FIVE YEARS LATER, SUSPICION AND FEAR IN MUSLIM COMMUNITIES
The comments started as soon as Yumna Rizvi came back to school from spring break a couple of months ago looking ... different.
"Oh, are you going terrorist on us now?" and "Don't blow up the school!" came from people she considered her friends. Teachers started asking her if everything was OK.
Why all the attention? Because the 12-year-old Muslim girl decided she wanted to try wearing a hijab, the traditional scarf that covers a Muslim woman's hair.
Yumna lasted about a month and a half. Finally, after her parents got nervous that she was making herself a target, the scarf came off.
"My parents were like, 'You know, right now, the way the world is, we don't think you should be doing this," the Brooklyn girl said.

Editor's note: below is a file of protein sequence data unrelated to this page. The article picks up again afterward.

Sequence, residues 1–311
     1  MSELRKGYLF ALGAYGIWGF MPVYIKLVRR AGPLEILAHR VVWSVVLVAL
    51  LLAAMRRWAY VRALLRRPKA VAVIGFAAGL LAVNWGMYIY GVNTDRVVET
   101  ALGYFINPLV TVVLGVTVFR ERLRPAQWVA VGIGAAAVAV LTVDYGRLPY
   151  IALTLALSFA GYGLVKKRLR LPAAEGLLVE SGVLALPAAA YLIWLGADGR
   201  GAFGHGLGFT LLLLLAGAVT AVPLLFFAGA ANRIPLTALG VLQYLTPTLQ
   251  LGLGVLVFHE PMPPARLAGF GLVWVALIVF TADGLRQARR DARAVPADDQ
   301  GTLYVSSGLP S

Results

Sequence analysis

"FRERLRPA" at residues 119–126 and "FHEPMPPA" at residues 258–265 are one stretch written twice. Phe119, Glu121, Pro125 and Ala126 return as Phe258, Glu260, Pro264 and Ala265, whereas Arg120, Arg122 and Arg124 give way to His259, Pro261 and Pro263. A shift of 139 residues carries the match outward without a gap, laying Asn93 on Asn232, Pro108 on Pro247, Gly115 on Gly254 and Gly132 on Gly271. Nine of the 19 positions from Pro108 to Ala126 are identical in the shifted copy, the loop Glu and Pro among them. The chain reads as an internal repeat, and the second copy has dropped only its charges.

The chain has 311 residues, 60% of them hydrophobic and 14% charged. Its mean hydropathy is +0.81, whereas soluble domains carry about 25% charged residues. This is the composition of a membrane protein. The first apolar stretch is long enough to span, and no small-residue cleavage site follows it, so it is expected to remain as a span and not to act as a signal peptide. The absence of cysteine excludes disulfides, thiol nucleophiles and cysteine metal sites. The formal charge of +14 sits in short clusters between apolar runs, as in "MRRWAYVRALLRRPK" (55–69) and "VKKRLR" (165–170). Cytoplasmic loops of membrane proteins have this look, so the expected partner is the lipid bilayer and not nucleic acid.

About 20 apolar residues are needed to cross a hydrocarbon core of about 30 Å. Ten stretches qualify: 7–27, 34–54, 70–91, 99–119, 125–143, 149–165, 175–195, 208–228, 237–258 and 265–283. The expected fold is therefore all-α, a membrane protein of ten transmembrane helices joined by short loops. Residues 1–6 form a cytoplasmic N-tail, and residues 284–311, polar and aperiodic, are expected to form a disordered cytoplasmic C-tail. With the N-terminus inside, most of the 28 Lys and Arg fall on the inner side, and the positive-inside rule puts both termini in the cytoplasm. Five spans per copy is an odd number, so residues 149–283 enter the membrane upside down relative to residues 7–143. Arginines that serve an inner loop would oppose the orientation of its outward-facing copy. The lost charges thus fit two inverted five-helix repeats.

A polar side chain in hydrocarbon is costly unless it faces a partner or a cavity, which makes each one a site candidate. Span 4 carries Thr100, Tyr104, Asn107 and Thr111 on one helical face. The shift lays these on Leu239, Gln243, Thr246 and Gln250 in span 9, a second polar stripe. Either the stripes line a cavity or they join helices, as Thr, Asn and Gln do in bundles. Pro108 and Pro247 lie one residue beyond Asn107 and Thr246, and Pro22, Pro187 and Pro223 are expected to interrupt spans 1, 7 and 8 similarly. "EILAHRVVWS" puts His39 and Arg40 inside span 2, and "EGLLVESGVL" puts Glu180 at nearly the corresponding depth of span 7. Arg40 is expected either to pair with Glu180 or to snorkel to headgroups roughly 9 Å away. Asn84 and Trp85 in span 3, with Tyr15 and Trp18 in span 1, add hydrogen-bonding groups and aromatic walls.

The way the world is now is not the way it was five years ago, before those four airplanes took off early on a Tuesday morning and irrevocably changed everything.
Among those caught up in the shockwaves of Sept. 11 were the country's Muslims, followers of a faith that until then, had by and large existed under the radar of much of the American mainstream. No longer. Muslims, and Islam itself, came under intense scrutiny after the attacks. And not just scrutiny in some corners suspicion, distrust, fear.
The passing of five years has done little to dispel that; if anything, world events from the war in Iraq to bombings in Madrid and London have made that attention more intense. There have been calls for security profiling based on religion and ethnicity; at one point, special immigration registration was implemented for people coming from Middle Eastern and North African countries.
It has all made many Muslims feel that much more self-conscious.